Since <math>z_0</math> is a root of <math>P</math>, and <math>P</math> has integer coefficients, <math>z_0</math> must be algebraic. Since <math>z_0</math> is algebraic and lies on the unit circle, <math>z_0</math> must be a root of unity (Comment: this is not true. See this link: [http://math.stackexchange.com/questions/4323/are-all-algebraic-integers-with-absolute-value-1-roots-of-unity]). Since <math>P</math> has degree 4, it seems reasonable (and we will assume this only temporarily) that <math>z_0</math> must be a 2nd, 3rd, or 4th root of unity. These are among the set <math>\{\pm1,\pm i,(-1\pm i\sqrt{3})/2\}</math>. Since complex roots of polynomials come in conjugate pairs, we have that <math>P</math> has one (or more) of the following factors: <math>z+1</math>, <math>z-1</math>, <math>z^2+1</math>, or <math>z^2+z+1</math>. If <math>z=1</math> then <math>a+b+c+d+4=0</math>; a contradiction since <math>a,b,c,d</math> are non-negative. On the other hand, suppose <math>z=-1</math>. Then <math>(a+c)-(b+d)=4</math>. This implies <math>a+b=8,7,6,5,4</math> while <math>b+d=4,3,2,1,0</math> correspondingly. After listing cases, the only such valid <math>a,b,c,d</math> are <math>4,4,4,0</math>, <math>4,3,3,0</math>, <math>4,2,2,0</math>, <math>4,1,1,0</math>, and <math>4,0,0,0</math>.  
  
Now suppose </math>z=i<math>. Then </math>4=(a-c)i+(b-d)<math> whereupon </math>a=c<math> and </math>b-d=4<math>. But then </math>a=b=c<math> and </math>d=a-4<math>. This gives only the cases </math>a,b,c,d<math> equals </math>4,4,4,0<math>, which we have already counted in a previous case.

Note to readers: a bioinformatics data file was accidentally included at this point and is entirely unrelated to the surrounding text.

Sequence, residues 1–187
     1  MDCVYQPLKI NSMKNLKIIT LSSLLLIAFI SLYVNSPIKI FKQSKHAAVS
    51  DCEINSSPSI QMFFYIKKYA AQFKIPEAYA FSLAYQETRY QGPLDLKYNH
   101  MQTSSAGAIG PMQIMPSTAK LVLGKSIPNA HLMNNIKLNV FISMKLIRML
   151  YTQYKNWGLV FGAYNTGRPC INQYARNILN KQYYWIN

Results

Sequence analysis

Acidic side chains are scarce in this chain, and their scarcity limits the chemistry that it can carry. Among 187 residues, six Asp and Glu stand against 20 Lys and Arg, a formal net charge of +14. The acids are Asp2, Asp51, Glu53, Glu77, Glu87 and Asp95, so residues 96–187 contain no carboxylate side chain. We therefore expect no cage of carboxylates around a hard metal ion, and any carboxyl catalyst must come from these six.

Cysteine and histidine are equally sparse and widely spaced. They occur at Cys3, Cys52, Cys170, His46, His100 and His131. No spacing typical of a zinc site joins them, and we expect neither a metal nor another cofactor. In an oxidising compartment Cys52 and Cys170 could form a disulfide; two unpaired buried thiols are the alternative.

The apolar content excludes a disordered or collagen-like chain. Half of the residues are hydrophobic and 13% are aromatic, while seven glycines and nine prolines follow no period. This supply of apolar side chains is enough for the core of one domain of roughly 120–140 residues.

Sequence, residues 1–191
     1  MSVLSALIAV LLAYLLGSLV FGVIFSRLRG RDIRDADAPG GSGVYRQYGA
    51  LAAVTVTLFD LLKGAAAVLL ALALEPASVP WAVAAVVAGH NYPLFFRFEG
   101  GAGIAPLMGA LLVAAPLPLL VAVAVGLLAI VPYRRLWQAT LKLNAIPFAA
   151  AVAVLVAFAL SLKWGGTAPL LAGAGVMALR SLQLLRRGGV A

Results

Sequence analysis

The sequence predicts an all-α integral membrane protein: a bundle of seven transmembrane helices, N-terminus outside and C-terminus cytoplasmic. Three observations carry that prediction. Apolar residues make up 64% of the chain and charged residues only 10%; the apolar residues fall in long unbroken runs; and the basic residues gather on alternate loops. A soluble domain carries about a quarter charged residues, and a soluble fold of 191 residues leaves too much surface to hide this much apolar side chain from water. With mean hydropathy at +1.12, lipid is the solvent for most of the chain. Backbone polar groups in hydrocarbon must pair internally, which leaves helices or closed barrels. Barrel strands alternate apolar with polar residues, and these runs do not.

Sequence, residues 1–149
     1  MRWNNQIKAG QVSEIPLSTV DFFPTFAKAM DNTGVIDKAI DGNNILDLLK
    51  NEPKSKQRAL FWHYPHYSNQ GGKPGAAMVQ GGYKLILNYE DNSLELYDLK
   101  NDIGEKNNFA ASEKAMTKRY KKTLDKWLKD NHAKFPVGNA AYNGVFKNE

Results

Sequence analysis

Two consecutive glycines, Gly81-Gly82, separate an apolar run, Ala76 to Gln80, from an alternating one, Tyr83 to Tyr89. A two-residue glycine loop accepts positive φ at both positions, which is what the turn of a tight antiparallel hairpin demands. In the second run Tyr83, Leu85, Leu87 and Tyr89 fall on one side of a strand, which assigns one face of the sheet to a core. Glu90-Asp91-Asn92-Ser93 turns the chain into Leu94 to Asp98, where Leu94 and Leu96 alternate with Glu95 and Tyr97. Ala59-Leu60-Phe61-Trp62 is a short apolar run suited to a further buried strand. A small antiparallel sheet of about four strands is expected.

+
Now suppose <math>z=i</math>. Then <math>4=(a-c)i+(b-d)</math> whereupon <math>a=c</math> and <math>b-d=4</math>. But then <math>a=b=c</math> and <math>d=a-4</math>. This gives only the cases <math>a,b,c,d</math> equals <math>4,4,4,0</math>, which we have already counted in a previous case.
  
Suppose </math>z=-i<math>. Then </math>4=i(c-a)+(b-d)<math> so that </math>a=c<math> and </math>b=4+d<math>. This only gives rise to </math>a,b,c,d<math> equal </math>4,4,4,0<math> which we have previously counted.  
+
Suppose <math>z=-i</math>. Then <math>4=i(c-a)+(b-d)</math> so that <math>a=c</math> and <math>b=4+d</math>. This only gives rise to <math>a,b,c,d</math> equal <math>4,4,4,0</math> which we have previously counted.  
  
Finally suppose </math>z^2+z+1<math> divides </math>P<math>. Using polynomial division ((or that </math>z^3=1<math> to make the same deductions) we ultimately obtain that </math>b=4+c<math>. This can only happen if </math>a,b,c,d<math> is </math>4,4,0,0<math>.  
+
Finally suppose <math>z^2+z+1</math> divides <math>P</math>. Using polynomial division ((or that <math>z^3=1</math> to make the same deductions) we ultimately obtain that <math>b=4+c</math>. This can only happen if <math>a,b,c,d</math> is <math>4,4,0,0</math>.